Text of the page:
Date Approved


Graduate Degree Type


Degree Name

Computer Information Systems (M.S.)

Degree Program

School of Computing and Information Systems

First Advisor

Erik Fredericks

Academic Year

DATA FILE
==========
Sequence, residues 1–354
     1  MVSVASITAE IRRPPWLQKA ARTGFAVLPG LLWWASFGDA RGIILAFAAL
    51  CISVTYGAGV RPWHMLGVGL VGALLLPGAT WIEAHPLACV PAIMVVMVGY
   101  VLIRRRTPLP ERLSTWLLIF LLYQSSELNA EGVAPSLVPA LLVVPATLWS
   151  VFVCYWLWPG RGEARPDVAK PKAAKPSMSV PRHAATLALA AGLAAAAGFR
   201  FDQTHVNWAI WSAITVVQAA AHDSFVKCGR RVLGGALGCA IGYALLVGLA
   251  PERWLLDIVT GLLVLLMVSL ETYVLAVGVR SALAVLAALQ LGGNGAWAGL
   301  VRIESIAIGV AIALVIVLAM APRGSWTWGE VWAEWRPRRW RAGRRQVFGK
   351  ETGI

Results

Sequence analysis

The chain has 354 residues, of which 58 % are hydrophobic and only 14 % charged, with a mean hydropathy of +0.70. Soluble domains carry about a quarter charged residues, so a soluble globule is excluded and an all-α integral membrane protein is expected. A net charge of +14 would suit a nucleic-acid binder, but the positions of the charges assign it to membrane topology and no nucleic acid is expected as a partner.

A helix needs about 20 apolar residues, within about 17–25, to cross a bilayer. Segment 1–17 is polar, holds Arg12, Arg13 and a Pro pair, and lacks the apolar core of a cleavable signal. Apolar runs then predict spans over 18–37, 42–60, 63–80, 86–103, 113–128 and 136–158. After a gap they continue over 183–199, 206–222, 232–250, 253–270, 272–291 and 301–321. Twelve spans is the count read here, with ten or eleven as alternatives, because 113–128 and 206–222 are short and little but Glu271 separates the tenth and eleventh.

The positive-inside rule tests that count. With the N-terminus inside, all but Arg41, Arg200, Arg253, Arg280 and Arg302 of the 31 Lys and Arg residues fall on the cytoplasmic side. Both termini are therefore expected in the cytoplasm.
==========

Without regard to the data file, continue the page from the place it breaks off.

Foundational to our understanding and enjoyment of music is the intersection of harmony and movement. This intersection manifests as chord progressions which themselves underscore the rhythm and melody of a piece. In musical compositions, these progressions often follow a set of rules and patterns which are themselves frequently broken for the sake of novelty. In this work, we developed a genetic algorithm which learns these rules and patterns (and how to break them) from a dataset of 890 songs from various periods of the Billboard Top 100 rankings. The algorithm learned to generate increasingly valid, yet interesting chord progressions via penalties based on both conditional probabilities extracted from the aforementioned dataset and weights applied to the characteristics from which the penalty is derived. Additionally, the be- ginning and end of a progression may be seeded (either in totality or for a percentage of generated patterns) such that the algorithm will generate a bridging progression to connect the seeded points. To this end, the algorithm proposed chord progressions and supplied vectors of computer- aided algorithmic composition. To demonstrate the validity of the system, we present a subset of generated progressions that both conform to known musical patterns and contain interesting deviations.